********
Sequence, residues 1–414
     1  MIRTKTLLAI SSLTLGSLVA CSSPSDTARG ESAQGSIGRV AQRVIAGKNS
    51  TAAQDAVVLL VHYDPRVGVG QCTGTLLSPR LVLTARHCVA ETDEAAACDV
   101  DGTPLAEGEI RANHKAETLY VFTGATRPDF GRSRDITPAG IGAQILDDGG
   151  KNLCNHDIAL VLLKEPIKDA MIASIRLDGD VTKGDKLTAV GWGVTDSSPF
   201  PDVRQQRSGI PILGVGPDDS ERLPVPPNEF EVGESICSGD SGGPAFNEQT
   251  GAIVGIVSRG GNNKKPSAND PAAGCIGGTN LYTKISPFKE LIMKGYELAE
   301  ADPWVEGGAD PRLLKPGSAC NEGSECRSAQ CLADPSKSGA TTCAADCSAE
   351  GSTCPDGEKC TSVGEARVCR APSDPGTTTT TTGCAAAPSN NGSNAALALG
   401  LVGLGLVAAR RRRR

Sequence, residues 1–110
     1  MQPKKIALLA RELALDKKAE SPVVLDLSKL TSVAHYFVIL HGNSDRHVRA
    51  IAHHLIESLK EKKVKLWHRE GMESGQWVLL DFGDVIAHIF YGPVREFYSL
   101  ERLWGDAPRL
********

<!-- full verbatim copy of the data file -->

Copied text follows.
Sequence, residues 1–414
     1  MIRTKTLLAI SSLTLGSLVA CSSPSDTARG ESAQGSIGRV AQRVIAGKNS
    51  TAAQDAVVLL VHYDPRVGVG QCTGTLLSPR LVLTARHCVA ETDEAAACDV
   101  DGTPLAEGEI RANHKAETLY VFTGATRPDF GRSRDITPAG IGAQILDDGG
   151  KNLCNHDIAL VLLKEPIKDA MIASIRLDGD VTKGDKLTAV GWGVTDSSPF
   201  PDVRQQRSGI PILGVGPDDS ERLPVPPNEF EVGESICSGD SGGPAFNEQT
   251  GAIVGIVSRG GNNKKPSAND PAAGCIGGTN LYTKISPFKE LIMKGYELAE
   301  ADPWVEGGAD PRLLKPGSAC NEGSECRSAQ CLADPSKSGA TTCAADCSAE
   351  GSTCPDGEKC TSVGEARVCR APSDPGTTTT TTGCAAAPSN NGSNAALALG
   401  LVGLGLVAAR RRRR

Sequence, residues 1–110
     1  MQPKKIALLA RELALDKKAE SPVVLDLSKL TSVAHYFVIL HGNSDRHVRA
    51  IAHHLIESLK EKKVKLWHRE GMESGQWVLL DFGDVIAHIF YGPVREFYSL
   101  ERLWGDAPRL